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Home > INSPIRE  Topcites 2018 Edition Review 
The top ranks of the 2018 Topcite list are again dominated by astrophysics. The top spot on the list (now numbered 0) is always held by the central reference work for our field, the Review of Particle Properties [0]. Below this, the #1 paper is again the 2015 paper on cosmological parameters from measurements of the cosmic microwave background radiation by the Planck Collaboration [1]. The Planck results are not likely to be displaced soon as the goto reference for the shape and contents of the universe. The 2015 results in [1] were updated in August 2018 [a] but that paper has not yet reached Topcite status.
Just below, the Topcite list is full of gravitational wave detections. Paper [3] is the original observation of the merger of two black holes by the LIGO and Virgo collaborations, released in February 2016. More observations of mergers are found at [8, 15, 17, and 27]. Paper [8] is the report by LIGO and Virgo in October 2017 of a merger of two neutron stars that was discussed prominently in last year's report. A neutron star coalescence spews out hot matter, including heavy elements newly produced in the encounter, and produces a spectacular signal observable at visible and Xray wavelengths. The observation was then followed up by a 3,500+ author paper on multiwavelength observations of the event, named the 2017 breakthrough of the year by Physics World [b]. (This latter paper, however, missed the cutoff for the 2018 Top Forty on INSPIRE's list.) Gravitywave astronomy has arrived, and we expect that it will provide many more important discoveries over the coming years.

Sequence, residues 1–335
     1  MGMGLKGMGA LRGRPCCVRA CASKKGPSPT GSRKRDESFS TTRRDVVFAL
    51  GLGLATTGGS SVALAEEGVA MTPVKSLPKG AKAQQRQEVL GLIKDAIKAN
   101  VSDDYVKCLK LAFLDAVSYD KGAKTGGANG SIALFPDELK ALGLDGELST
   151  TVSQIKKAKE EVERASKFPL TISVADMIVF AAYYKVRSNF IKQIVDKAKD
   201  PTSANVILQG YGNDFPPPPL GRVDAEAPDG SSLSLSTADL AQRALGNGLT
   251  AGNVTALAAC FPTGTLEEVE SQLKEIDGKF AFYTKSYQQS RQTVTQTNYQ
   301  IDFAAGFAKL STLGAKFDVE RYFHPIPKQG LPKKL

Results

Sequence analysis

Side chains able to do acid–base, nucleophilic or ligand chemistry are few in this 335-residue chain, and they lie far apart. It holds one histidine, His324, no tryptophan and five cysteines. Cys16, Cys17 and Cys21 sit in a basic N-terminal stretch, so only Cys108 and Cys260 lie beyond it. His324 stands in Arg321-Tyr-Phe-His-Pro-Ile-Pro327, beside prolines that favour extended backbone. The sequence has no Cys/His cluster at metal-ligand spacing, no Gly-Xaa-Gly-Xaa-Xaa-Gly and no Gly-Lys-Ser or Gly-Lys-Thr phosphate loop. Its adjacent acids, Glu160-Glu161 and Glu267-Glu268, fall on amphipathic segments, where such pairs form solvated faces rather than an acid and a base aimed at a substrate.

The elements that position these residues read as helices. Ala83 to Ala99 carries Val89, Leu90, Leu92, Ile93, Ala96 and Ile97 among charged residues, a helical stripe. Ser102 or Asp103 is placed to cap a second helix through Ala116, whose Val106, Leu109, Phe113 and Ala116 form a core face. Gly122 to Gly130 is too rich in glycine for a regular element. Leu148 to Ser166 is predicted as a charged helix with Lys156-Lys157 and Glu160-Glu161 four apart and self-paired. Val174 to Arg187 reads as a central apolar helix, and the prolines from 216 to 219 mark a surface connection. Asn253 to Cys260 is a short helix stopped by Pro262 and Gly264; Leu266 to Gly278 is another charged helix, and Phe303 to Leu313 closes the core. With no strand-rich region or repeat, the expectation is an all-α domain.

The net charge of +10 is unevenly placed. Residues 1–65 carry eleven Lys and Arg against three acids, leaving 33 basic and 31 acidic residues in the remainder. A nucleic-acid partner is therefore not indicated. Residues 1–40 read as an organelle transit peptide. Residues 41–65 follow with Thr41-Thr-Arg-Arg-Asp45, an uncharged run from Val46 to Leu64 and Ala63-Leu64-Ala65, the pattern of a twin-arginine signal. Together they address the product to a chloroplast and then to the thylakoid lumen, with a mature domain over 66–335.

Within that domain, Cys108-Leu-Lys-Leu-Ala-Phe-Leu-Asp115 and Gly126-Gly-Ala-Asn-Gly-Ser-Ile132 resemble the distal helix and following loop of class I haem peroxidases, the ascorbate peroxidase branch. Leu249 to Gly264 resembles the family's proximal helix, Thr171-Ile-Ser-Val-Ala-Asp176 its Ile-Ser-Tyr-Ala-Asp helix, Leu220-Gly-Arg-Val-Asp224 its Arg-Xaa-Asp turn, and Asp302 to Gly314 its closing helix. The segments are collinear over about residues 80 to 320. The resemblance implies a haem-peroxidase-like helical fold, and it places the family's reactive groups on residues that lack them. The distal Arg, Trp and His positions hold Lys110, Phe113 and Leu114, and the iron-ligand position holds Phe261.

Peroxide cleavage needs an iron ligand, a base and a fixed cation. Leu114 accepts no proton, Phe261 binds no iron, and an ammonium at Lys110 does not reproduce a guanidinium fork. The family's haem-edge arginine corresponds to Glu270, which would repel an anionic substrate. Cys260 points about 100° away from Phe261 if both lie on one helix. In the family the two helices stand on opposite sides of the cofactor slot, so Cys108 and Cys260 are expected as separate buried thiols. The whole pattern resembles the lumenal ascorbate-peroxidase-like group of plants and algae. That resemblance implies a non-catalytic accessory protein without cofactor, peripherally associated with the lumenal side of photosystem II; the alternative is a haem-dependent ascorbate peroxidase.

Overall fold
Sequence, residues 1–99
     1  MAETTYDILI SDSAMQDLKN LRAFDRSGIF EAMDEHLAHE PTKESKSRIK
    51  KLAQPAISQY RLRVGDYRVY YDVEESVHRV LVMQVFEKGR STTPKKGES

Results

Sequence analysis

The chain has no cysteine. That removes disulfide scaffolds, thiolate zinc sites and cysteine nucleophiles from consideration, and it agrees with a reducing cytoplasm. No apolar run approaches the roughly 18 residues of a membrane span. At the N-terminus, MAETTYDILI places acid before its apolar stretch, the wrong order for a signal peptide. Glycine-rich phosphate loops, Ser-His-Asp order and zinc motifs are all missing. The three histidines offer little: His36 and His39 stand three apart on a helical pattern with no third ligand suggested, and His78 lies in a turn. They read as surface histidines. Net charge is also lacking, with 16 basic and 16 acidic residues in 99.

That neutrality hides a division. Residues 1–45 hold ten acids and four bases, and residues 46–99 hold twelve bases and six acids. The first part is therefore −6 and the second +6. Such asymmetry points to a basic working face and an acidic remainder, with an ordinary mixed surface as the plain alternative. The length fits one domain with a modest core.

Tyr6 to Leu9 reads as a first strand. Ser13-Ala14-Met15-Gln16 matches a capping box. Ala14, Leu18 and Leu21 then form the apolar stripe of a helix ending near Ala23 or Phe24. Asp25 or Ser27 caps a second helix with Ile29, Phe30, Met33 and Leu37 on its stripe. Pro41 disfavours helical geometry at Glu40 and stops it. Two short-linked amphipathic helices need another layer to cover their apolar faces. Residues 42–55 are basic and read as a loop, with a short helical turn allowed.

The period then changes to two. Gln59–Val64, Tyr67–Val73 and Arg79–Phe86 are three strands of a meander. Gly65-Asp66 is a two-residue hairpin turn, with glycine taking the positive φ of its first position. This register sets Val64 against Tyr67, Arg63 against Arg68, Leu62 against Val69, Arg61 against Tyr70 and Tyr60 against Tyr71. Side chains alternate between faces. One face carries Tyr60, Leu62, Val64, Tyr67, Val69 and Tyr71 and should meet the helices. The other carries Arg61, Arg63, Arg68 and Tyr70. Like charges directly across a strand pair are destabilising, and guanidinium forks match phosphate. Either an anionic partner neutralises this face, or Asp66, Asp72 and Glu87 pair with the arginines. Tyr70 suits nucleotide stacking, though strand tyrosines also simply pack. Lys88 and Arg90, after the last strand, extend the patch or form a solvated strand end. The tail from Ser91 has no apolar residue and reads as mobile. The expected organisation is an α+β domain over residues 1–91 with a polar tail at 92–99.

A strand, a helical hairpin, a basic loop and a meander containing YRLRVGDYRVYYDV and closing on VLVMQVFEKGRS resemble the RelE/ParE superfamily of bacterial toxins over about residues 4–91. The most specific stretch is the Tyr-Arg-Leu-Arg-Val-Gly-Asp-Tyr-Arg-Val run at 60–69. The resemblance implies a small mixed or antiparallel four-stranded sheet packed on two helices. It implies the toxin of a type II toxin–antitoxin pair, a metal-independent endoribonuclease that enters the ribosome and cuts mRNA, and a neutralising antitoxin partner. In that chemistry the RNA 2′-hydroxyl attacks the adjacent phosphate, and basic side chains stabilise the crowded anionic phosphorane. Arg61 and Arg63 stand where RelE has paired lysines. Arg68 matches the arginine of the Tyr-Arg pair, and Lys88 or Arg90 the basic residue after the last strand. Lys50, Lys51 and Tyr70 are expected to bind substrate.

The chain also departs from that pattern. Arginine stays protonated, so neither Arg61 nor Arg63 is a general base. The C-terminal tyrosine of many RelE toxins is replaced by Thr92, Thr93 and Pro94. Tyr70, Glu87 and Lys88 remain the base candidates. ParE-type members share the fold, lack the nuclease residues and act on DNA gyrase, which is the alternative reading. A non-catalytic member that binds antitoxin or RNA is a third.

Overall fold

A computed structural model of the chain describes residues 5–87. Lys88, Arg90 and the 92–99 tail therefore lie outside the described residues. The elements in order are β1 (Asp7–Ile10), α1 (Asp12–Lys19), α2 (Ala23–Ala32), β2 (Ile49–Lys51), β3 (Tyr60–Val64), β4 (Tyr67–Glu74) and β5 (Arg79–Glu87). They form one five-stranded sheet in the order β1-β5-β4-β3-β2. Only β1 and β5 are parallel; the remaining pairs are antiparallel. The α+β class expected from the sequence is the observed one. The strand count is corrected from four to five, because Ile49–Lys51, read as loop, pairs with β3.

We should note that there are still unresolved issues in the area of cosmological measurements. The most controversial point today is the value of the Hubble constant. The 2018 Planck analysis [a] reports $H_0 = 67.4±0.5$ in units of km/sec/Mpc; this is not in agreement (by $3.6\sigma$) with the latest results based on measurements by the Hubble Space Telescope, which give $H_0 = 73.52 ± 1.62$ [c]. The Hubble analysis uses Cepheid stars as "standard candles" whose intrinsic luminosity is known a priori. There is a new analysis by LIGO, Virgo, and the Dark Energy Survey that uses a black hole merger as a "standard siren", whose (gravitational) noise is known a priori, and achieves $H_0 = 75.2 ± 35$ [d]. While this is not yet impressive in itself, this method is capable of achieving an accuracy of a few percent in the next five years as gravitational wave events accumulate. The most exciting possibility is that the value of Hubble constant measured in the present era is not compatible with the value extrapolated from the time that the cosmic microwave background was created. This would indicate that there are more light species in the universe than the photon and neutrinos called for in the Standard Model.